Mitigating Risk for Asset Owners — Claiming Compliance with the GIPS Standards
We’ve heard in recent weeks about the troubles at Pennsylvania Public School Employees’ Retirement System (PSERS), where potentially incorrect return calculations have real-world implications. What happened at PSERS? And would compliance with standards for calculating and presenting performance have been valuable in this situation?
What Happened at PSERS?
An incorrect return calculation for the $64 billion fund, which is significantly underfunded, has serious consequences for PSERS beneficiaries. PSERS has around 250,000 retired teachers and other school workers as beneficiaries, and it has just as many people currently working who are paying into the plan. In 2010, the state adopted a risk-sharing agreement requiring all employees hired after 2011, as well as their employers, to pay more into the plan if the average annual time-weighted rate of return on the market value of assets (the market return), net of fees, is below the actuarial value of assets (AVA) return over a specified period.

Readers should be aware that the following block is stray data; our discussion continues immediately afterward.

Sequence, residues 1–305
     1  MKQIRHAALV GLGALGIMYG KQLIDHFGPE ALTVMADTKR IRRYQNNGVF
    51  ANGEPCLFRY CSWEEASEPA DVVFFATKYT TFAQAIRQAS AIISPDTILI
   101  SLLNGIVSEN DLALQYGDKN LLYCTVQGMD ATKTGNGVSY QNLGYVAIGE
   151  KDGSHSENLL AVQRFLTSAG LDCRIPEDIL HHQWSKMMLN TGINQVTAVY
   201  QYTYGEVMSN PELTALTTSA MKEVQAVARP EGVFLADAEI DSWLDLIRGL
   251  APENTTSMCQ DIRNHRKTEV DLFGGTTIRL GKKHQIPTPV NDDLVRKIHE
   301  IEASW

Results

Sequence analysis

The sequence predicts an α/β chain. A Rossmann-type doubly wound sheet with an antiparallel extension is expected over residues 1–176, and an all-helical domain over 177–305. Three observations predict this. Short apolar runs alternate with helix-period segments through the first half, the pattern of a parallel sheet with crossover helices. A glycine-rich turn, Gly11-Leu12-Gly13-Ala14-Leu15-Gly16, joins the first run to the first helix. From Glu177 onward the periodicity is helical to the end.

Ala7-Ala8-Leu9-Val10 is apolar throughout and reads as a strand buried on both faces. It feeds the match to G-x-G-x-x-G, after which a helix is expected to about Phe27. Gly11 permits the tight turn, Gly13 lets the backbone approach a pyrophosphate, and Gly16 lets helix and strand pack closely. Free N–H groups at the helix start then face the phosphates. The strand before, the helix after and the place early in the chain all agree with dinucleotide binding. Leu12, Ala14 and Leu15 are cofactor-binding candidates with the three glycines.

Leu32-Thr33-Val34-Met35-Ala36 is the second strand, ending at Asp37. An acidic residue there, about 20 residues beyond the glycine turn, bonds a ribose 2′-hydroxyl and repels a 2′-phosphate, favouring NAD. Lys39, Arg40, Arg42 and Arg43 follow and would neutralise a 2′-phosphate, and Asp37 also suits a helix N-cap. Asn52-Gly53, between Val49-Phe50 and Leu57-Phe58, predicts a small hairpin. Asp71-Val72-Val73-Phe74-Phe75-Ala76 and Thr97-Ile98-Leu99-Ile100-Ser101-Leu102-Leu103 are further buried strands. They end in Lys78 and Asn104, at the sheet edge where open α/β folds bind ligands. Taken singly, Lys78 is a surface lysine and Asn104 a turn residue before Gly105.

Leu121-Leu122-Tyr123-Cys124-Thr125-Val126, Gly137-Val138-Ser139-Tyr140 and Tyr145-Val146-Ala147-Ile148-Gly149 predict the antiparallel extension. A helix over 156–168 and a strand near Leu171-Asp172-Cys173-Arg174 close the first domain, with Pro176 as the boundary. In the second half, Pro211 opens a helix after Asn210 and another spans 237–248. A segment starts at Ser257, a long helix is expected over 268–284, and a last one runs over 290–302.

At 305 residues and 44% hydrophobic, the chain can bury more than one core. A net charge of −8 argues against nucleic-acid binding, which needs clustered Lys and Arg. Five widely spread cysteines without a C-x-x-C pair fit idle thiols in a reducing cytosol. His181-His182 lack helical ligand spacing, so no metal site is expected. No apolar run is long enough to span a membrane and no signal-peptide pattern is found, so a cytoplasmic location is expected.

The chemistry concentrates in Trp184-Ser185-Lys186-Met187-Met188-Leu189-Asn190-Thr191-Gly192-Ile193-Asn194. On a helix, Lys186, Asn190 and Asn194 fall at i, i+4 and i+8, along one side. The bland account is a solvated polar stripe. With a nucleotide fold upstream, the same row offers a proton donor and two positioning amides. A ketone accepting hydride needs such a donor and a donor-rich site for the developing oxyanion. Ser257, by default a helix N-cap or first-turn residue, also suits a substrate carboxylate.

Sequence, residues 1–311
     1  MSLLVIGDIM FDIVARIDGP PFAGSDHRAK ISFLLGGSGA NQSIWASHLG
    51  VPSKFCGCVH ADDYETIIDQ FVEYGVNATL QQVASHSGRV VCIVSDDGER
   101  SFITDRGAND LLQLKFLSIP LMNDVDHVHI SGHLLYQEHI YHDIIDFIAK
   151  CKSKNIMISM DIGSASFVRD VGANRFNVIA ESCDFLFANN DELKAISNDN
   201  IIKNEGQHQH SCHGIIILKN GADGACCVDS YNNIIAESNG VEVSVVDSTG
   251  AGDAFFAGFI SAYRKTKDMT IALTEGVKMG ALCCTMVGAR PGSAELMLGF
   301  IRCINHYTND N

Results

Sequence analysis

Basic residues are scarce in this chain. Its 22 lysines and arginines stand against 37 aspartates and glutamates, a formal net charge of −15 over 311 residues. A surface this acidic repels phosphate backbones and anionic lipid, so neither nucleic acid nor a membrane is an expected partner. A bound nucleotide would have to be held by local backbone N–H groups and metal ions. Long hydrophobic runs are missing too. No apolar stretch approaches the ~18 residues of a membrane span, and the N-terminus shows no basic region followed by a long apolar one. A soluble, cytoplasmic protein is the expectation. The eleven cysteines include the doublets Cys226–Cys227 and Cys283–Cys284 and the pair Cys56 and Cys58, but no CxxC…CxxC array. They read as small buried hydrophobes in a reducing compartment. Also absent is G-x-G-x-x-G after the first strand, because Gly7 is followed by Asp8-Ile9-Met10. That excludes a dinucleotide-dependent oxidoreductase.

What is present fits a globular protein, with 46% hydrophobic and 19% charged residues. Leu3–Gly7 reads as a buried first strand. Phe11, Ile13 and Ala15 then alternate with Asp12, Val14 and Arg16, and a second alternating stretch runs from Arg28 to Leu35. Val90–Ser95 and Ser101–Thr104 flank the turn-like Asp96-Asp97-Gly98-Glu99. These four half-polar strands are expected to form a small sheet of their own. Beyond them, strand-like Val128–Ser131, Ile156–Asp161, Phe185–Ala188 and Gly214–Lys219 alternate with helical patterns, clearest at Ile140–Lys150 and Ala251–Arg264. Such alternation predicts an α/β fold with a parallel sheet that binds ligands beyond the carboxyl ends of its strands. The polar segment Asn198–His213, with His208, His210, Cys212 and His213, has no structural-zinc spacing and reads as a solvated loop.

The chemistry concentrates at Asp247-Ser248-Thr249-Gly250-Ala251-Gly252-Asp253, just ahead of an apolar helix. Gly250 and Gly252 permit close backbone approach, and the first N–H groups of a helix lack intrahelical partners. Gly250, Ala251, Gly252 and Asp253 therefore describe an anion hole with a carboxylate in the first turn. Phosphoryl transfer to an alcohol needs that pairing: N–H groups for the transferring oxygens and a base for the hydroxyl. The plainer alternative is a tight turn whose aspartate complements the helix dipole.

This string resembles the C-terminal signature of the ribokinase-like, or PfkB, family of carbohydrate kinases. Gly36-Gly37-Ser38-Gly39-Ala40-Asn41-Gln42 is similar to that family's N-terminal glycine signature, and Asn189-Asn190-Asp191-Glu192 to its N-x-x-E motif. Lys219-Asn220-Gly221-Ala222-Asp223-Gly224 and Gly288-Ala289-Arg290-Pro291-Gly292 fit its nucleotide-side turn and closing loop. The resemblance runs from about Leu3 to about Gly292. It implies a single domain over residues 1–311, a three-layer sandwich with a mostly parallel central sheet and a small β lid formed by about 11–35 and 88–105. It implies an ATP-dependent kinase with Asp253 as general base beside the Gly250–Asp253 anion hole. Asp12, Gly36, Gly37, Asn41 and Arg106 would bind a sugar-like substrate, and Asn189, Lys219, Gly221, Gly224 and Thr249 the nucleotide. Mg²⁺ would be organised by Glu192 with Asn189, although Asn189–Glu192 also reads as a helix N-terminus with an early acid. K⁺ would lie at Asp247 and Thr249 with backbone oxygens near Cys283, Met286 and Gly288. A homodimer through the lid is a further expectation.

PSERS reported an average annual market return of 6.38% as of 30 June 2020, versus an AVA return of 6.36%, staving off an increase in contributions. Because the difference between these two returns was so small, PSERS hired an independent consultant to confirm that the market return of 6.38% was correct, and the consultant confirmed this return. On 12 March 2021, however, PSERS announced that the market return was incorrect and that employees should have been required to pay more into the plan.